Over in the Sheriff’s Department, things are going from bad to worse now that FBI agent Xavier has deemed Max’s disappearance a federal case. I don’t mean to down-tread the FBI but I can’t imagine that Rabbit is the kind of man who worries about such people. Lucas Hood seems to come to this conclusion too and with his grip on the situation loosening all the time, turns to an unlikely source of help. 

It’s with a look of “I can’t believe I’m doing this” that Hood approaches Kai Proctor. Before they can discuss business though, Proctor wants to know just what the nature of Hood’s relationship with Rebecca Bowman has been. Despite it being news to Hood that he’s now talking to Rebecca’s uncle, Proctor decides that the only way to make Hood pay for defiling his niece is in one on one combat. 

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Given that Banshee had dialled back on the conflict between Lucas Hood and Kai Proctor, which seemed like it was going to be the backbone of the show after the opening three episodes, in favour of presenting Mr. Rabbit as the show’s main villain, it’s a surprise that we get a Hood vs Proctor scrap. Kai is pretty handy with his fists and using a rolodex as a weapon, and the ferocity of his violence toward Hood is surely an indication of his deepening affection for Rebecca. She is seemingly the only motivation for this bout of fisticuffs, despite the other issues that exist between Lucas and Kai. 

It’s not as intense a fight as we’ve seen in previous episodes of Banshee, and it certainly doesn’t hold a candle to Ana and Olek’s classic battle last week, but then this isn’t likely to be the last time we see Proctor and Hood lock horns. His honour satisfied, Proctor asks Hood why he would come to him for help. “Because I’ll owe you one” is Hood’s simple answer. Sometimes a deal with the devil is all you have left. 

With her secrets no longer kept very well, Gordon Hopewell catches his wife digging up a suitcase full of guns in their garden. Hopewell doesn’t seem all that fazed by this but I guess by this point he’s beyond being able to be surprised by anything else Ana may have been hiding from him. “How long have you had that stuff buried in our backyard?” he asks her. It’s seems as though he’s talking about more than just the weapons. 

Ana has crossed a line where she cannot cope with trying to placate her husband any longer, not while their son lies in the hands of his psychopathic grandfather. The only offering she has for Gordon is “I love you.” Despite everything that has happened to her since Lucas Hood’s arrival in Banshee, she still does. There’s not a hint that Ana may be lying. I’ve noted previously that Ana’s primary motivation is often love, but it’s also her vice. She is desperate for it, and desperate to give it, often in different ways.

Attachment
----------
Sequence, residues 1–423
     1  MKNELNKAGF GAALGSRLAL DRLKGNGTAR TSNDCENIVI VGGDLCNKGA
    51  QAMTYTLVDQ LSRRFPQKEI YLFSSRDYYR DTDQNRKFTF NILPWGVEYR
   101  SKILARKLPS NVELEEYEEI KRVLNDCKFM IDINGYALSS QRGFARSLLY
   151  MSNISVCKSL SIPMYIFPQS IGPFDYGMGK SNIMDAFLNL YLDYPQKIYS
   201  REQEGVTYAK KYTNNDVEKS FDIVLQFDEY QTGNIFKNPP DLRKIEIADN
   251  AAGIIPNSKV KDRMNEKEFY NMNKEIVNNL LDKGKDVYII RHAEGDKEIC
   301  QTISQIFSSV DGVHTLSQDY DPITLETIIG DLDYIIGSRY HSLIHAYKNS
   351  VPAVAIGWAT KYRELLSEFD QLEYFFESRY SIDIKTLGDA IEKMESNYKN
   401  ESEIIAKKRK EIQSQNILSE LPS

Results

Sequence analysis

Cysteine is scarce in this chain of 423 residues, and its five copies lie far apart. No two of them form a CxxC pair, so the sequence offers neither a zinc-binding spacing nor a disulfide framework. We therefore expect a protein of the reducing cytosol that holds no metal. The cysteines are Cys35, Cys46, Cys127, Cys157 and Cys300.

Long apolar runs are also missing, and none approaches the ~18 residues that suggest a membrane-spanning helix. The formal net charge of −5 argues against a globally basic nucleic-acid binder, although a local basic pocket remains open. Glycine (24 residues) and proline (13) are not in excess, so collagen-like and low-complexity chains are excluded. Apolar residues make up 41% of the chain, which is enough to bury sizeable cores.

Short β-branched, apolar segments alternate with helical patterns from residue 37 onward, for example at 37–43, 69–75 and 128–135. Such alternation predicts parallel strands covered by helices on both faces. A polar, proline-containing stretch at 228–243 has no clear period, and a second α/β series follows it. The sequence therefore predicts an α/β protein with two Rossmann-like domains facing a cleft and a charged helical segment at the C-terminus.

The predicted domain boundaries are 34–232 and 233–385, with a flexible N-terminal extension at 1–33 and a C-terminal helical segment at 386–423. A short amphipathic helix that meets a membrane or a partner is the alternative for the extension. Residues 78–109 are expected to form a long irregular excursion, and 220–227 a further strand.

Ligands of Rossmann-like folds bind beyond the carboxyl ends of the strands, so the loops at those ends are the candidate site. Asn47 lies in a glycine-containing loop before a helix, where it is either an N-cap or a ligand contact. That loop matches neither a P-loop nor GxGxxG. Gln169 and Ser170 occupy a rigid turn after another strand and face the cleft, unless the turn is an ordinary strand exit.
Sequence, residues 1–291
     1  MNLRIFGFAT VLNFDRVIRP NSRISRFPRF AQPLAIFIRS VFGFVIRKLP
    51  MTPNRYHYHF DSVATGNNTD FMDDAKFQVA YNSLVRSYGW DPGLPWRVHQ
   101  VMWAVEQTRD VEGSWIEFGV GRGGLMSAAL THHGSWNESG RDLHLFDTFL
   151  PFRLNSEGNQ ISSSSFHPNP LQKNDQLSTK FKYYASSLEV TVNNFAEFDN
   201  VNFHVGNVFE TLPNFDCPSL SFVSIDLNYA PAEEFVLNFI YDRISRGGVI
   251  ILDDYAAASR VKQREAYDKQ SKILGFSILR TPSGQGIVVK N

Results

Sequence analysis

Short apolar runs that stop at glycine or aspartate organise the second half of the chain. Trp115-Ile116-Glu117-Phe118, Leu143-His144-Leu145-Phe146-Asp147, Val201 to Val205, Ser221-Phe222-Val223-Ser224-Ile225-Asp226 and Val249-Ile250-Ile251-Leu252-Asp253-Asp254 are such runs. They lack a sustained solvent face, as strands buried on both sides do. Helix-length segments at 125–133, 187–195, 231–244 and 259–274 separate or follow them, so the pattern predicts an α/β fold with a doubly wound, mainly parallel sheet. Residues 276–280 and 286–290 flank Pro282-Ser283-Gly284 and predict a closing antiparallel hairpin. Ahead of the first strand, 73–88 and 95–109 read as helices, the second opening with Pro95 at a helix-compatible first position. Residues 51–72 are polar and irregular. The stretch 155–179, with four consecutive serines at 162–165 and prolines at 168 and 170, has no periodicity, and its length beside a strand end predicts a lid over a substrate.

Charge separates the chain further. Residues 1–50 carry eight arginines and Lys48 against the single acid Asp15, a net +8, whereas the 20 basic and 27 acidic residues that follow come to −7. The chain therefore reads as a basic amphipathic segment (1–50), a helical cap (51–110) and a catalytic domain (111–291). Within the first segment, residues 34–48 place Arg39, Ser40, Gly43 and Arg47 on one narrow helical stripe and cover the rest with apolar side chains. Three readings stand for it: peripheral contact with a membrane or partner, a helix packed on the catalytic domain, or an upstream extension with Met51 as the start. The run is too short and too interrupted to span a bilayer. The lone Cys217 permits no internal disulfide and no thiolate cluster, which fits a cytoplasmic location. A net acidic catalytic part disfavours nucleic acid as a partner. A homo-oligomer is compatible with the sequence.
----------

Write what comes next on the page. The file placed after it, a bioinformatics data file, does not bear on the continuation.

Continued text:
It’s a good job that Ana has uncovered her arsenal as she’s about to find her father sat in the lounge. Just like how he appeared at the school, Rabbit has an omnipotent quality, seemingly turning up with ease wherever he pleases. Gordon Hopewell’s first meeting with his father in law is the heated affair you’d expect at this stage. 

The scene played out in the Hopewell sitting room is extremely tense. When Gordon’s anger gets the better of him and he goes for one of the guns, we feel every bit of the “No!” that Ana and Deva scream. We know that Rabbit will not hesitate to kill him if he deems it necessary, and it’s a measure of how fond we’ve become of Gordon. In a sea of secrets and lies, Gordon Hopewell seems to be the one honest rock. He’s a good man. 

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Knowing that waving guns around will get her nowhere with her father, Ana makes a desperate, grovelling plea for her son’s life. Behind her eyes though you can see an unmistakable rage boiling, and when this doesn’t sway her father, who seems more concerned about what happened to Olek, Ana’s anger comes bubbling over. We’ve seen some bad men come through, and inhabit, Banshee but Mr. Rabbit is by far the worst. He’s been torn so far from anything that resembles an empathic human being, holding only those who showed him dog-like loyalty in high regard, above his blood relations. Rabbit seems fully aware of this though. As he leaves, with Ana helpless to stop him, she tells him “I’m gonna kill you.” His reply – “You already have” – indicates that much of him died when Ana abandoned her father fifteen years ago. 

There is one person that Mr. Rabbit has yet to turn his attention to on his maiden trip to Banshee. Once again we’re not sure exactly how Rabbit just seems to appear from nowhere but he’s there waiting for Lucas Hood within the Sheriff’s department. Ben Cross is supremely evil throughout Always The Cowboy and his taunting of Hood during this closing scene is deliciously psychotic. He dumbs Hood down, talks to him as if he is still nothing more than a nuisance, one that was never good enough for his daughter. Rabbit knows how to hurt Hood with his taunts about Ana. He probably doesn’t really believe that it was Lucas who stole Ana away from him, deep down he knows it was his own doing, but men like Rabbit need a scapegoat. 

He also knows that with Max Hopewell still missing, Hood will not shoot him. Hood can be impulsive but he’s not that reckless, and he loves Ana. “I just wanted to look into your eyes for the last time. To be the last face you ever saw” Rabbit tells Hood before he slips, Dracula like into the darkness. The sound of several guns being cocked behind Hood followed by Hood nervously peering around him and leaving us with just two words – “Oh shit!” brings Always The Cowboy, and Banshee’s penultimate episode to a great cliffhanger ending, possibly the best of the season. 

Always The Cowboy didn’t quite deliver the thrills that Banshee’s previous two episodes had. The sprint to the finish seemed to slow itself up a little but that’s not such a bad thing as the show needed time to catch its breath. Anthony Starr continued to flesh out Lucas Hood and Ivana Milicevic was once again outstanding, while Rus Blackwell and Ben Cross both got plenty of opportunity to add themselves to Banshee’s roster of excellent performances. There really is no weak link on this show.

Read James’ review of the previous episode, We Shall Live Forever, here.